Performance Tuning for Linux Servers
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Linux Server Performance Tuning provides the knowledge and skills needed to
understand and improve the performance of Linux servers. It describes the
collective practical experience of IBM Linux Technology Center experts in
Linux performance monitoring, evaluation and measurement, analysis, and
tuning of Linux servers. It discusses methodologies for improving and
maximizing the performance of business server applications running on an
Intel-based hardware platform and the Linux operating system.
Readers will obtains valuable insight into the tuning techniques needed to
improve the performance of their software running on Linux. This includes an
overview of the Linux kernel (including installation), a synopsis of the various
Linux performance tools that can be used to isolate performance issues, and
how to use them, and tuning principles, strategies and techniques for various
Linux components such as the scheduler, memory and I/O subsystems. In
addition, case studies for tuning these subsystems are also included, as well as
the performance characterization of several Linux server applications, including
web servers, database servers, application servers, and print and file servers.
Proven techniques for optimizing web, file, print, database, and application servers
Practical introductions to open source performance management tools
Easy-to-understand examples based on Red Hat Enterprise Linux and Novell SUSE Linux Enterprise Server
An indispensable guide to maximizing Linux system and application performance
From Wall Street to Hollywood, Linux runs many of the world's most businesscritical systems. Linux performance now impacts the entire enterprise. In Performance Tuning for Linux Servers, a team of IBM's most-experienced Linux performance specialists shows you how to find bottlenecks, measure performance, and identify effective optimizations.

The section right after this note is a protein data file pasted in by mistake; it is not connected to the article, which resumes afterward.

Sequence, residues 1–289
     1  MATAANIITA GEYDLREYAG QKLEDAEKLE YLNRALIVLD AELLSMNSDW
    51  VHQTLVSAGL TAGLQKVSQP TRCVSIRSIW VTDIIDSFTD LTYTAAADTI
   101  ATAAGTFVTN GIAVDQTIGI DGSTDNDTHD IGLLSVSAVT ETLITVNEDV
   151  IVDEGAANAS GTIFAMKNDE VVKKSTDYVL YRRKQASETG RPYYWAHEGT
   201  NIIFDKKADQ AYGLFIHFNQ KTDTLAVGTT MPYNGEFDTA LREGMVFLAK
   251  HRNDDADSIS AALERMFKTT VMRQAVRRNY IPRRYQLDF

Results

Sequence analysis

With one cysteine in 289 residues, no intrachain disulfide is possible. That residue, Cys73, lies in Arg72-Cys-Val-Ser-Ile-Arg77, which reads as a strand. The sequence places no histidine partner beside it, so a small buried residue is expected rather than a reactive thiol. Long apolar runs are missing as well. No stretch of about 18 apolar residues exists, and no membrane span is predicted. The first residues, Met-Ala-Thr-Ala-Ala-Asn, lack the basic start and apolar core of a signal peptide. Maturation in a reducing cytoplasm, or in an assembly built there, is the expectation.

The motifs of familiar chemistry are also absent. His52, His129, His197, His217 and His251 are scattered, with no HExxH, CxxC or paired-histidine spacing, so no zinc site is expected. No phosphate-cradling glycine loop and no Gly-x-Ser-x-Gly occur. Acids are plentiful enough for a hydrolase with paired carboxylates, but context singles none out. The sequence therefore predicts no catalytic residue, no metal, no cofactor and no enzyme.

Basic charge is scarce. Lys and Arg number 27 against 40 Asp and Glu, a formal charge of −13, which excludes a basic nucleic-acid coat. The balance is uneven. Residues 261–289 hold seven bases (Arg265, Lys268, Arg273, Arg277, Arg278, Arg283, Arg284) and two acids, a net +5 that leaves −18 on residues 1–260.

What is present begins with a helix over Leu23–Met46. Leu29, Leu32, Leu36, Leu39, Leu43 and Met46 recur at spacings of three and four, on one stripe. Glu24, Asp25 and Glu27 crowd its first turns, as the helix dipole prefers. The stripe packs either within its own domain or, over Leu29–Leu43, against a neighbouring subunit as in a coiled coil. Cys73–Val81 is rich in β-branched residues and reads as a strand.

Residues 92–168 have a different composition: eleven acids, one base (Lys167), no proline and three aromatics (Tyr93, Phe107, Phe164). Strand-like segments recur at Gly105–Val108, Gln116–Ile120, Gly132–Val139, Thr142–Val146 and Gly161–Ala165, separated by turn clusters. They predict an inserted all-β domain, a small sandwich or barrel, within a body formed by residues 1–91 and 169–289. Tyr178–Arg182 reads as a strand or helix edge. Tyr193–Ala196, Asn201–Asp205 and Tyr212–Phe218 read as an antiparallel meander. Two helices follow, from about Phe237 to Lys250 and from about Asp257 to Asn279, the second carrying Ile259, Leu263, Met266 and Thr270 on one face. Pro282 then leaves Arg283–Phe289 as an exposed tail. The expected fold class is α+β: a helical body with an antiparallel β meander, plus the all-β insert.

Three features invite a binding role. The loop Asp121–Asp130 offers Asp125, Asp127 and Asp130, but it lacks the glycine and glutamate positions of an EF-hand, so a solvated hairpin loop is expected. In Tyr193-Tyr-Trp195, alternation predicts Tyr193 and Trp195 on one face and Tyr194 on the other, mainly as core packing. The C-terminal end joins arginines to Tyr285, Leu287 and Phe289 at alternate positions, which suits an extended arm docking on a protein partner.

This book doesn't just cover kernel tuning: it shows how to maximize the end-to-end performance of real-world applications and databases running on Linux. Throughout, the authors present realistic examples based on today's most popular enterprise Linux platforms, Intel-based Red Hat Enterprise Linux, and Novell SUSE Linux Enterprise Server. These examples are designed for simplicity, clarity, and easy adaptation to any contemporary Linux environment. You'll discover how to
Install and configure Linux for maximum performance from the outset
Evaluate and choose the right hardware architecture for your Linux environment
Understand Linux kernels 2.4 through 2.6: components, performance issues, and optimization opportunities
Master core Linux performance tuning principles and strategies
Utilize free, open source tools for measurement, monitoring, system tracing, and benchmarking
Interpret performance data to analyze your Linux server's real-world behavior
Optimize Linux system schedulers, memory, I/O, file systems, and networking
Tune web, file, database, and application servers running commercial workloads
Predict the impact of changes in tuning parameters or configurations
Tune Linux code: optimize design, timing, sockets, threads, synchronization, and more
Architect for maximum performance: SMP scaling, clustering, and topology
Integrate kernel and application tuning in end-to-end system optimization projects
Whether you're an administrator, developer, integrator, or consultant, Performance Tuning for Linux Serverswill help you maximize the performance and value of every Linux system and application you run.
© Copyright Pearson Education. All rights reserved.
About the Editors.
About the Contributors.
I. LINUX OVERVIEW.
1. Linux Installation Issues.
Configurable 2.6 Kernel Features
Linux Logging Facility
System Initialization: BSD Versus System V Initialization
2. Kernel Overview.
The Evolution of Linux
Linux Kernel Architecture
The Linux Symmetrical Multiprocessing (SMP) Model
New Features in Linux 2.6
3. Overview of Server Architectures.
Processors and Multiprocessing
Linux Enterprise Servers
Examples of Server Systems
II. PERFORMANCE ANALYSIS TOOLS.
4. System Performance Monitoring.
Background on Linux and Performance Analysis
5. System Trace Tools.
Requirements for System Tracing
The top Utility